Marina Nemat

Marina Nemat

Marina Nemat's memoir Prisoner of Tehran is being defended by Arlene Dickinson in the Canada Reads 2012 debates.


Born in Tehran, Marina Nemat grew up Russian Orthodox in Iran and was in high school when the Shah was overthrown by the Islamic Revolution of Ayatollah Khomeini. She was outspoken in opposing the regime's policies and at the age of 16, was arrested and thrown into Evin, Iran's notorious political prison. During her incarceration, she was tortured and narrowly escaped being executed -- her life was spared only because one of the prison's guards fell in love with her and forced her to convert to Islam and marry him, threatening to harm her family if she refused. Because of his efforts, she was finally released from prison. After the guard was assassinated by a rival group of guards, Nemat married her teenage love and they fled to Canada in 1991.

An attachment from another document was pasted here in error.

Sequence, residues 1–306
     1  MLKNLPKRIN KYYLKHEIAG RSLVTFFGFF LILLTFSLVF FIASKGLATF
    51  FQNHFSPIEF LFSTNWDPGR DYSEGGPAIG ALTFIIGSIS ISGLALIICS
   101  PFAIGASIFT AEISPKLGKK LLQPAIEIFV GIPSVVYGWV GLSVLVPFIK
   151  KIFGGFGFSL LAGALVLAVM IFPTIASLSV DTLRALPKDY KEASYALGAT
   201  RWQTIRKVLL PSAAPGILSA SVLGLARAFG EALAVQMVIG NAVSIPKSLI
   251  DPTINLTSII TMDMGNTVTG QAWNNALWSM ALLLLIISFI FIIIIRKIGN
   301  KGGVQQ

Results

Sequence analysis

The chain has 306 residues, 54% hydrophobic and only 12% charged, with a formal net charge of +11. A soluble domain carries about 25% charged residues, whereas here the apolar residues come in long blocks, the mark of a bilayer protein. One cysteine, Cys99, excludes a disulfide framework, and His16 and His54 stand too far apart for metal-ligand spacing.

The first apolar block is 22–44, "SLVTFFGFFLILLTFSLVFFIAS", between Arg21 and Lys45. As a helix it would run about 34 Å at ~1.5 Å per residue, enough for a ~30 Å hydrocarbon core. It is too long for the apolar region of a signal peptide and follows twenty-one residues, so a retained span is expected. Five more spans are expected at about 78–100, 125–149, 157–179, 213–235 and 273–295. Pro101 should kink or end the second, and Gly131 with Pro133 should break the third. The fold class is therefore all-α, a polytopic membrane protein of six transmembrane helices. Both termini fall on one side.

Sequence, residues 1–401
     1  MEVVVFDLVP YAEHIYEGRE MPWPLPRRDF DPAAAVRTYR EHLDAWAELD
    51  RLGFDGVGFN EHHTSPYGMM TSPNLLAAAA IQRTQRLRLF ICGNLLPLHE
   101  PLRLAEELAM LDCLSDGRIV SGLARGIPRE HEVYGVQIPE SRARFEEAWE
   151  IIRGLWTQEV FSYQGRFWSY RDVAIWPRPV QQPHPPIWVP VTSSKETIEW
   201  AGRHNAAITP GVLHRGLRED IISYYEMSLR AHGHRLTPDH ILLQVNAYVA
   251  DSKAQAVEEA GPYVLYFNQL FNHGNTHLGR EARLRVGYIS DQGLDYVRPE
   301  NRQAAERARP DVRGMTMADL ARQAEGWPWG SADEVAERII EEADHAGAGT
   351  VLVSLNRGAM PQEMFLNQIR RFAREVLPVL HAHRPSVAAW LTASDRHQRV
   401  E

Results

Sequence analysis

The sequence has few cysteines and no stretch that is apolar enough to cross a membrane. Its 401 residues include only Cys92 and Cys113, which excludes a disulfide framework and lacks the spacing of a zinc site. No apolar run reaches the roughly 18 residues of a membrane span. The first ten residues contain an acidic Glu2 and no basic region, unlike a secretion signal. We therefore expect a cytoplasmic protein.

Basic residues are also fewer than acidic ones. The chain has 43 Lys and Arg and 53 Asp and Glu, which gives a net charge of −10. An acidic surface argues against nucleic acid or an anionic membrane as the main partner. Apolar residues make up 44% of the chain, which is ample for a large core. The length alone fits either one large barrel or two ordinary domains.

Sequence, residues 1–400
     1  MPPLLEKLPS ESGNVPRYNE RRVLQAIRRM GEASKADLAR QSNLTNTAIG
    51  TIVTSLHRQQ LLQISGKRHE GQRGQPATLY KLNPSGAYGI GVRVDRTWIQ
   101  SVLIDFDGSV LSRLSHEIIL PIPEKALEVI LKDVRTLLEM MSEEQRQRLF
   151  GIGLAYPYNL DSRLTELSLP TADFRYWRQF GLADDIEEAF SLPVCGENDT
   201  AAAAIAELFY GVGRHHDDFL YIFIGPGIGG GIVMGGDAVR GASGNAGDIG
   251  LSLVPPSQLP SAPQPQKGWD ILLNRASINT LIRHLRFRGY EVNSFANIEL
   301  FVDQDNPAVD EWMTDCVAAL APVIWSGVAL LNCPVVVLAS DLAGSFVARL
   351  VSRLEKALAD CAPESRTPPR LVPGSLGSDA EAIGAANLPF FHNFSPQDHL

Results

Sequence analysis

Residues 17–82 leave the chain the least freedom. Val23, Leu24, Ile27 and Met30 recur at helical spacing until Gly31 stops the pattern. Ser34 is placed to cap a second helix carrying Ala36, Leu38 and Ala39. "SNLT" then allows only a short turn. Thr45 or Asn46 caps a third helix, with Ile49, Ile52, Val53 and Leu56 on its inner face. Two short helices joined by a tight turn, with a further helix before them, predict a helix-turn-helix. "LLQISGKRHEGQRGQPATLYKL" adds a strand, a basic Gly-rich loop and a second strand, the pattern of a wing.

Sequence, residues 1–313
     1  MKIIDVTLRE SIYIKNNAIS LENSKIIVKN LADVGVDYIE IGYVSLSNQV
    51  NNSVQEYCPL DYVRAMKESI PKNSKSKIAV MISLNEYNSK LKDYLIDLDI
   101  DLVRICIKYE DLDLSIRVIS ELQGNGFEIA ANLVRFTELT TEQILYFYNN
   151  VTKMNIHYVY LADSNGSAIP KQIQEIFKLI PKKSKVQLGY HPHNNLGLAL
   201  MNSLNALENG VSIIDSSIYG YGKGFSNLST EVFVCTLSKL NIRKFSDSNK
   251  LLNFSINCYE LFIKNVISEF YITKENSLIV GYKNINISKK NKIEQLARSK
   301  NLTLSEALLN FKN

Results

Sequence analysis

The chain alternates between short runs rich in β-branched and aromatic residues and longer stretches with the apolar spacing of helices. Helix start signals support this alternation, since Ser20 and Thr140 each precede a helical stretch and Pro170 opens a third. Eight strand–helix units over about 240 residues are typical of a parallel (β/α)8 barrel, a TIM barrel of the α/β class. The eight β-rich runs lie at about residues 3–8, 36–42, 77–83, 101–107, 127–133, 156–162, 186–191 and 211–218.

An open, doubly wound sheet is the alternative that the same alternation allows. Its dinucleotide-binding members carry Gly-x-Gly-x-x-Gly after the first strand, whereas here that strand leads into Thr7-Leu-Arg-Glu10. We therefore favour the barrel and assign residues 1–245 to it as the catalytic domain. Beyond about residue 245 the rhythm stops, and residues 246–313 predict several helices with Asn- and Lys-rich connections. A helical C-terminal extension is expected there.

In Canada, Nemat worked at Swiss Chalet while secretly writing her harrowing life story as a therapeutic diary. Her life changed completely when her memoir was published: it became an international bestseller and suddenly she was flying around the world for readings and speaking engagements. In 2007, she was awarded the European Parliament's inaugural Human Dignity Prize, which honours "organizations and individuals working for a world free from intolerance and social injustice, a world where fundamental human rights are respected."

Nemat followed up Prisoner of Tehran with the equally successful After Tehran, which chronicles her life in Canada. She is currently teaching a creative writing course in Farsi at the University of Toronto's School of Continuing Studies.


Listen to Marina Nemat read an excerpt from Prisoner of Tehran here.

Get to know Marina Nemat by watching our video chat here.

Listen to Marina Nemats's interview on The Next Chapter here.

Read Marina Nemat's blog post about speaking out here.

See Marina Nemat's playlist for Prisoner of Tehran here.

Replay our live chat with Marina Nemat here.

Read about Prisoner of Tehran: The Play in our Q&A with writer/director Maja Ardal here.